In the era of digitalisation, Jensen proclaims himself as a strong believer in networks and direct interaction. People tend to stick in the maritime industry for very long time, often in different positions, thus building up a huge know-how of the industry’s logic. A lot of the essential information to understand, for instance, the barriers for digitalisation are not necessarily codified in books but instead is in the minds of the people in the industry.

When everything is automated, what comes after?

Now that every shipping company seems to be investing a lot of money and effort on digitalisation and automation, Jensen wants also to see beyond that: “Digitalisation and automation are necessary for any shipping company to survive, but it is not enough. The first ones who truly automate, will have a cost-advantage, but only temporarily – because if something can be automated, over time everyone will be able to do it.”

The industry is in a situation where the companies need to digitalise and automate whatever can be digitalised and automated – that is necessary to keep the company “in the game”, but it is not enough. “Where you really have to start focusing is: how do I provide the services to help my clients when either something goes wrong – there are hurricanes, port cranes that break, people that go on strike, cargos that fall over board – or it’s a unique thing they need to do that cannot be automated”, Jensen emphasises.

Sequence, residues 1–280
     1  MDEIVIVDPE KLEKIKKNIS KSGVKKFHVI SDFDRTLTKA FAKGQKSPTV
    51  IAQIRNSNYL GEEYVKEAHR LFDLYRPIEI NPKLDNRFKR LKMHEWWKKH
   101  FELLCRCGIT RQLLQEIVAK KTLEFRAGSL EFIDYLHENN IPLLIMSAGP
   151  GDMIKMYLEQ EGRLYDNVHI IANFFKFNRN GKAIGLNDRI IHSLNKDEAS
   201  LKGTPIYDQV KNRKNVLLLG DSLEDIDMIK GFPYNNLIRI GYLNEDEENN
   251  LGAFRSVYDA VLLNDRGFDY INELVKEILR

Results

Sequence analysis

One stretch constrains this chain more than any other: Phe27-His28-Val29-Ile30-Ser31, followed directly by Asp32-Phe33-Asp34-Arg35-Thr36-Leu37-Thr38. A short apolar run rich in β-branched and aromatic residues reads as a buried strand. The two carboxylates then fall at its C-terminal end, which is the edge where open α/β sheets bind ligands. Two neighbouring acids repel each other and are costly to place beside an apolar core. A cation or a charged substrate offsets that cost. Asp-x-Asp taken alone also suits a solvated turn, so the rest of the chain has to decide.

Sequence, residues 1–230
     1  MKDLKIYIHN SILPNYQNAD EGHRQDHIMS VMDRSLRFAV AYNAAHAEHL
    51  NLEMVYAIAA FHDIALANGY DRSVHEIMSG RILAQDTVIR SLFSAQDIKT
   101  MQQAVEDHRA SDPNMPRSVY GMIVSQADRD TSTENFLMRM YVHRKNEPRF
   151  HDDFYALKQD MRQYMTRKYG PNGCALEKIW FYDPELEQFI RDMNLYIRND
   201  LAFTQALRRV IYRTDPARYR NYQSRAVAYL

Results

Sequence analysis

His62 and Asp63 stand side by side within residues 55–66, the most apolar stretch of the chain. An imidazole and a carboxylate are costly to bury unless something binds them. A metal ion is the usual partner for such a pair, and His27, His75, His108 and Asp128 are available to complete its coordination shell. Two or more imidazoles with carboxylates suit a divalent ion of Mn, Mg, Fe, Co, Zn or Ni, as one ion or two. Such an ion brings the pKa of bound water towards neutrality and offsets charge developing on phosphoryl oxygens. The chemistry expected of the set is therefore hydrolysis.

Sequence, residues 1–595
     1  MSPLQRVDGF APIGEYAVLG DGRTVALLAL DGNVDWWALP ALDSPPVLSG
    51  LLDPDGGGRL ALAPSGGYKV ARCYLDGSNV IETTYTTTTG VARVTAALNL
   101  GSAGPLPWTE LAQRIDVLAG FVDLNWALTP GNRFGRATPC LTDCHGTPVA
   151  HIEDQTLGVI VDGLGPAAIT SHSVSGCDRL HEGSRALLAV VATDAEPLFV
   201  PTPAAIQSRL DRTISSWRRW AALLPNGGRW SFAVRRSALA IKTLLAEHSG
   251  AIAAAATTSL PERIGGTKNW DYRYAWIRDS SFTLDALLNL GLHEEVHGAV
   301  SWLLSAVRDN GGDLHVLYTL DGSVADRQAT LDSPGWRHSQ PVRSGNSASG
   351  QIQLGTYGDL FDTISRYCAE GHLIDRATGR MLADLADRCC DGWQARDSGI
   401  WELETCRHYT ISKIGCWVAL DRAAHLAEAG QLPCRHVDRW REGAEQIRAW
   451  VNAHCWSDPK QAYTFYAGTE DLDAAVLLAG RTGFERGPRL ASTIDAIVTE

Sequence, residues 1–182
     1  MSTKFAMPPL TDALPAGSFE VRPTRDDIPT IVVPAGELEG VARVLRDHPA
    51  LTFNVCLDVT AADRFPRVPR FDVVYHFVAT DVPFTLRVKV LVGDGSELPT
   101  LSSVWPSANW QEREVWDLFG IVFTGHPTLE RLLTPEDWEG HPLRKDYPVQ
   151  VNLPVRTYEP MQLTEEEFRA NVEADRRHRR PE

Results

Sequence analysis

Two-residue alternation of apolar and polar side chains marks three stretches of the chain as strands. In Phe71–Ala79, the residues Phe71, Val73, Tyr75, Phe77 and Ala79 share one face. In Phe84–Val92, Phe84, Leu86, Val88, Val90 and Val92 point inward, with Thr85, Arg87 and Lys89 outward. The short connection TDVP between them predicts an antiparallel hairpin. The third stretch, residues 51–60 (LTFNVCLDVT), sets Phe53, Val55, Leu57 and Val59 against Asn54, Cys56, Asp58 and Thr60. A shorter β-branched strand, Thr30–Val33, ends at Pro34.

In this sense, the whole mind-set of the industry needs to change: the core product is no longer moving cargo from A to B, but the services the companies can provide when things go wrong or are unique in nature. This is what Jensen calls exception management. “I see the entire industry go as fast as they can towards digitalisation and automation – that’s fine. But I see very little effort focused on ‘What then? What are we going to do in terms of differentiation after that?’“

Investments for efficiency are investments for the environment

Jensen remains relatively cynical on shipping companies’ willingness to go “above and beyond” the existing regulation regarding environmental effects caused by shipping. He mentions that the companies paying increased attention to environmental concerns tend to be located in the Baltic Sea region, especially in the Nordics.

“I’m certainly not saying that nobody cares but for the vast majority it’s a matter of dollars”, says Jensen but elaborates that improving efficiency to save fuel and other costs obviously improves the environmental performance as well. The key driver might be money, but the investments for improved efficiency are investments for the environment – and this win-win situation captures the whole idea of eco-efficiency which is also in the core of ECOPRODIGI project.



Lars Jensen will give the keynote speech in ECOPRODIGI seminar on 20 November 2018. He will discuss how automation and digitalisation are changing the business processes and landscape within the maritime industry and how automation ultimately goes hand in hand with improvement in environmental performance.

Lars Jensen was interviewed by ECOPRODIGI Communications Manager, Miitta Eronen, from Centrum Balticum Foundation